Veil Of Maya - [id] review
|Band:||Veil Of Maya|
|Release date:||April 2010|
03. Dark Passenger
04. The Higler
Two years after releasing their second CD called The Common Man's Collapse, Veil Of Maya returns with a blessing called [id]. This album has achieved something that only a few handpicked albums were able to: the whole album can be listened to as a single song (like Meshuggah's Catch 33, for example) but can also be listened to in a random sequence together with other songs of a playlist, and the songs don't lose their coherence, which does not happen to Catch 33.
I like to think of Veil Of Maya's [id] and The Common Man's Collapse not as two separate albums, but as a single class on how to make metal (or metalcore for you separatists): each one of [id]'s tracks is an idea they develop into a song. Circle, for example, is an idea that focuses on rhythm, while Mowgli focuses one kind of guitar harmony, and Unbreakable focuses heaviness and dissonance. This may not seem perfectly clear if you haven't listened to the album yet, but once you do, you'll understand what I mean. The Common Man's Collapse gathers each of these ideas and shows you (student) how to put them together in a way that are coherent and sweet. Now why have I chosen this metaphor on which these two CDs are a single "class"? If you think of [id] as theory and The Common Man's Collapse as practice, there won't be much explaining to be done.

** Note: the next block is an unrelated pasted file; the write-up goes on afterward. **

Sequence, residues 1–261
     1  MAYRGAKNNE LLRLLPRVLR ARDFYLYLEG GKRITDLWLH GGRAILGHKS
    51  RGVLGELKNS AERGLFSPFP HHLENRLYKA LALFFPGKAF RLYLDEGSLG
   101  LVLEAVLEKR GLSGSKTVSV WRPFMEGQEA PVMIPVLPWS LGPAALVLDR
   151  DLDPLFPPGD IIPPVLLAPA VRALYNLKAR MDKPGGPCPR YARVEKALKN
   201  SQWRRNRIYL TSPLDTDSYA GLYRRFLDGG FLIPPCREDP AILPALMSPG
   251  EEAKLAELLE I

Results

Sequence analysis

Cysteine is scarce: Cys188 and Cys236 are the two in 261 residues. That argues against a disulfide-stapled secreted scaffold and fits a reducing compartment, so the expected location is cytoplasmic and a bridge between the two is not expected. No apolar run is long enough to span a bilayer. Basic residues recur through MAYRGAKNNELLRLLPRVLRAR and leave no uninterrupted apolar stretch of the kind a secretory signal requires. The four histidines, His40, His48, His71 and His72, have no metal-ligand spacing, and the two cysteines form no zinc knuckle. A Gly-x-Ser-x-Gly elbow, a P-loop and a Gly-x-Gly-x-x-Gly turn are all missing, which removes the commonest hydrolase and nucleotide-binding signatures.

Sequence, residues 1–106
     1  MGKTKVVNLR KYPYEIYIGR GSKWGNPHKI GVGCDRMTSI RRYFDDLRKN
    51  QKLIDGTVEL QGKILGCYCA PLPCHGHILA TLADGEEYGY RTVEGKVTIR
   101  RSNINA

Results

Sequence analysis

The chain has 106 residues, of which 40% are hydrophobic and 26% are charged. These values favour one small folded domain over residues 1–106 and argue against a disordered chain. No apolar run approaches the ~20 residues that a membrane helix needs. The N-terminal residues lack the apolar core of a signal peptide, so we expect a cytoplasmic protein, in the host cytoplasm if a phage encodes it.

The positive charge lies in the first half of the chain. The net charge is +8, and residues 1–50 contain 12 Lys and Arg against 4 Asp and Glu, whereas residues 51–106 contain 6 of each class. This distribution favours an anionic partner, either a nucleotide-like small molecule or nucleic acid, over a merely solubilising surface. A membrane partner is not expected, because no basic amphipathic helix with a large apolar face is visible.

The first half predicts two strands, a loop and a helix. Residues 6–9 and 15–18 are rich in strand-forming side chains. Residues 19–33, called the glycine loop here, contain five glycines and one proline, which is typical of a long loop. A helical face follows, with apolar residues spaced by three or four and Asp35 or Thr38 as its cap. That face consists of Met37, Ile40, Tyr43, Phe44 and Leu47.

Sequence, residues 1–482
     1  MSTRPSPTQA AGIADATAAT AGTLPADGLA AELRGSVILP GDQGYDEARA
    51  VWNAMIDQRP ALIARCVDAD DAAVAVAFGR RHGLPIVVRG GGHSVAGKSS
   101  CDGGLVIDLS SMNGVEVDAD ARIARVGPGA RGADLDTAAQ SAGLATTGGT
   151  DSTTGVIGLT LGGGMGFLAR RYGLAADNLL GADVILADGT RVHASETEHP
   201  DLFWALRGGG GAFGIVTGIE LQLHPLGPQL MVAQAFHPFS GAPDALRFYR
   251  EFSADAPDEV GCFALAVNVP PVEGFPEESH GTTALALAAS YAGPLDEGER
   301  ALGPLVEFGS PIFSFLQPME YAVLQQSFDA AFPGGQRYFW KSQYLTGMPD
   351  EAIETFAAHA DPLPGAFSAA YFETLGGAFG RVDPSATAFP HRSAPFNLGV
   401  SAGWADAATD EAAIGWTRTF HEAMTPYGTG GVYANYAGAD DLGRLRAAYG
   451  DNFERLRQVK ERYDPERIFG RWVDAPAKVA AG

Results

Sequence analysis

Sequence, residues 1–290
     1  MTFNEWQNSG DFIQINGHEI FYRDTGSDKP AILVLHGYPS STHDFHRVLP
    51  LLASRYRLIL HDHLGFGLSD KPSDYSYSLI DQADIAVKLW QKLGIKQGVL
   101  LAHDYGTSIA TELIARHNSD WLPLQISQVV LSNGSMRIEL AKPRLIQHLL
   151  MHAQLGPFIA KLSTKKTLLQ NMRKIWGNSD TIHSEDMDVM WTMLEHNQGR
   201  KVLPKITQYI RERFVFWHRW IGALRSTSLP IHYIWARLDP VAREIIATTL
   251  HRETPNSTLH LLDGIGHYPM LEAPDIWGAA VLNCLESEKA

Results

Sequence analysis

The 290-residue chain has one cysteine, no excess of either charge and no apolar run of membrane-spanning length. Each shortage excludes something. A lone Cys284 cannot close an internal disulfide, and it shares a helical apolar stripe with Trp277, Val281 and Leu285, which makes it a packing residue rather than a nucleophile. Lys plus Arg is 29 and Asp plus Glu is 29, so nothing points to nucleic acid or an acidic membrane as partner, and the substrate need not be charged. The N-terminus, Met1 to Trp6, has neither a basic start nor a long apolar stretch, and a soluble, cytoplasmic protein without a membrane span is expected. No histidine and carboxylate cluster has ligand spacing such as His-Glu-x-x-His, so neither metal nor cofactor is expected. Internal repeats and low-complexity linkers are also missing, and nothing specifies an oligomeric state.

Enough with the comparison, let's look at this album as just another album. The music is simply amazing, and their musicians, besides talent, have the knowledge of how to put this talent to good use. As a guitarist, I feel forced to talk about Marc Okubo's performance in this CD, which is completely flawless. Knowing how to shred, sweep-pick and tap doesn't make you a good guitarist, what matters is the way you use it: you should use it so that it adds a spice to the music, but using too much spoils it. Marc knows that. Each song is basically a riff or a musical idea (there comes the metaphor again) that they carefully develop into a short song, and they're absolutely not tiring to hear, since the musicians who wrote them know when to end the song. Some people may complain about the shortness of each track, but I prefer to think of it like this: if each of them lasted for, let's say, 8 minutes, would they be as good? A short awesome song is a lot better than a long boring one.
I can guarantee you that you won't regret listening to such a great album, if you end up not liking it, it is important that you've at least listened to it so that you can be more critical when listening to new music, since it is an interesting branch of metalcore with some unique ideas and it's own [id]entity.
P.S. I don't give it a straight-up 10 because of some minor adjustments I would make if I were to write the guitars on this album.
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